The Panel noted that Janssen in Europe had emailed UK health professionals without the involvement of Janssen UK which had therefore not certified the materials. The email could also be accessed from advertisements which read ‘Remission: the goal for all patients with Crohn’s disease. Information from industry’. These advertisements were accessible to members of Medscape who were gastroenterologists.
The Panel noted that there appeared to be a serious error in that the relevant Janssen EMEA standard operating procedure (SOP) required materials to be sent to the local company for approval prior to use and this had not happened. Janssen UK submitted that this was due to human error. This appeared to the Panel to be conduct that fell short of competent care.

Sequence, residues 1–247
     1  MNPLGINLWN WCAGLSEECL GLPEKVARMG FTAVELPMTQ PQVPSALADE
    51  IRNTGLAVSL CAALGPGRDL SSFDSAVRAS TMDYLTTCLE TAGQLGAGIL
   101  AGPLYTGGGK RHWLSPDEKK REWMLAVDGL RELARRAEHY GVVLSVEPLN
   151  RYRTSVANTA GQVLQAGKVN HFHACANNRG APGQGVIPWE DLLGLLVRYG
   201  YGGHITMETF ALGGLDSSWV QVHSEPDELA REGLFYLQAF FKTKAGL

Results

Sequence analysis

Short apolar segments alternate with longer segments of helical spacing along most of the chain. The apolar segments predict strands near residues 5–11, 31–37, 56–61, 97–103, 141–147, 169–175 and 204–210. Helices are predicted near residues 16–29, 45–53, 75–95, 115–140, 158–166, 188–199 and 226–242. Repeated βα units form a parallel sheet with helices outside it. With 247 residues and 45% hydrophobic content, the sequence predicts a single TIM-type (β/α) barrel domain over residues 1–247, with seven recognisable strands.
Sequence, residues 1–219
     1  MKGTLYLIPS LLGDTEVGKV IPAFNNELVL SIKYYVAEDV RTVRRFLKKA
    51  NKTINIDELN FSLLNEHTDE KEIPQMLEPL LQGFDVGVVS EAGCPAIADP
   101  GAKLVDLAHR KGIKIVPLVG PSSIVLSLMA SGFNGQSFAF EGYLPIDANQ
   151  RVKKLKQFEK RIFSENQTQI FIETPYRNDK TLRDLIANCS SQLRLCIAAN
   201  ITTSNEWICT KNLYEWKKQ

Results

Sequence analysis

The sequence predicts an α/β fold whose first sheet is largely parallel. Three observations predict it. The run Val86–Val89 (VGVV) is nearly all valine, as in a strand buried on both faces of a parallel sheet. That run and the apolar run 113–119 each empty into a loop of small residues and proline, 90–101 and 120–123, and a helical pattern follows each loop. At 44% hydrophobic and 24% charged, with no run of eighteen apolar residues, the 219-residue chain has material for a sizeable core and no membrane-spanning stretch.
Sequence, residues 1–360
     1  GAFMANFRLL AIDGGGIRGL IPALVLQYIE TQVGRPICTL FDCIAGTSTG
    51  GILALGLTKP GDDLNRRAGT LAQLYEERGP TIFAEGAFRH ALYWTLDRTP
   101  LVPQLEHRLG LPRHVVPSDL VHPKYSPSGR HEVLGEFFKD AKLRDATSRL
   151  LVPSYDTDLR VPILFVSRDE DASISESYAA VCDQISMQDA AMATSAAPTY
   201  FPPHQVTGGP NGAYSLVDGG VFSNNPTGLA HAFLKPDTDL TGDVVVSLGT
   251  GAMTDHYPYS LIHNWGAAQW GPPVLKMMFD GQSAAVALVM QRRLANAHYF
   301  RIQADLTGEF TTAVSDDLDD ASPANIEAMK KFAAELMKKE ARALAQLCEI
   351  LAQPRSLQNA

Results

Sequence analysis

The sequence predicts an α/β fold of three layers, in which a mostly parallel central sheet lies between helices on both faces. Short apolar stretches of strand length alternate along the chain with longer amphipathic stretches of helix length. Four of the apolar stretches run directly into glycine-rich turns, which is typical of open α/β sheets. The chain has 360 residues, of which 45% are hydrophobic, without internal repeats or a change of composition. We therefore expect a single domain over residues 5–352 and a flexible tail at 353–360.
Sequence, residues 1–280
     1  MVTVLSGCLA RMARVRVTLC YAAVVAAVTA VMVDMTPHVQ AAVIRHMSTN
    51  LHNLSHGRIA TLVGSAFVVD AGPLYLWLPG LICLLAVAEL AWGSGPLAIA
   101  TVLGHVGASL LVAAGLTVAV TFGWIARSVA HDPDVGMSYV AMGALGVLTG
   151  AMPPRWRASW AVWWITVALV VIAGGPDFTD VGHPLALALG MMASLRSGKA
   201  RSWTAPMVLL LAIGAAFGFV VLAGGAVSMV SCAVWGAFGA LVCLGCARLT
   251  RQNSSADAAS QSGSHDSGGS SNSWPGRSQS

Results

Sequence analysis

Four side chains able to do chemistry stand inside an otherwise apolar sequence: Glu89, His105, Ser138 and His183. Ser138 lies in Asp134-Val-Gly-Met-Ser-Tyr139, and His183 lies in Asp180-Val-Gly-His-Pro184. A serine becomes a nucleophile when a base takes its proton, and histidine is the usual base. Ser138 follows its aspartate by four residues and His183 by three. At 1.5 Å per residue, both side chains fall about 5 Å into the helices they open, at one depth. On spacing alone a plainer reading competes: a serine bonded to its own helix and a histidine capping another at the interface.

The Panel considered that the email was clearly promotional. It discussed the treatment of disease pathways of Crohn’s disease and provided links to results of studies using Stelara for Crohn’s Disease. It mentioned that Janssen was committed to discovering pioneering treatments for Crohn’s disease and the need for more effective treatment options. Stelara was not indicated for Crohn’s Disease. The advertisements were linked to the email and thus were also promotional. The Panel ruled a breach of the Code as the material was inconsistent with the Stelara summary of product characteristics (SPC) as acknowledged by Janssen UK. The material had not been certified and a breach of the Code was ruled as acknowledged by Janssen.
The Panel ruled that high standards had not been maintained in breach of the Code as acknowledged by Janssen UK. It considered that by promoting an unlicensed indication and failing to certify the material it brought discredit upon and reduced confidence in the pharmaceutical industry. The Panel ruled a breach of Clause 2.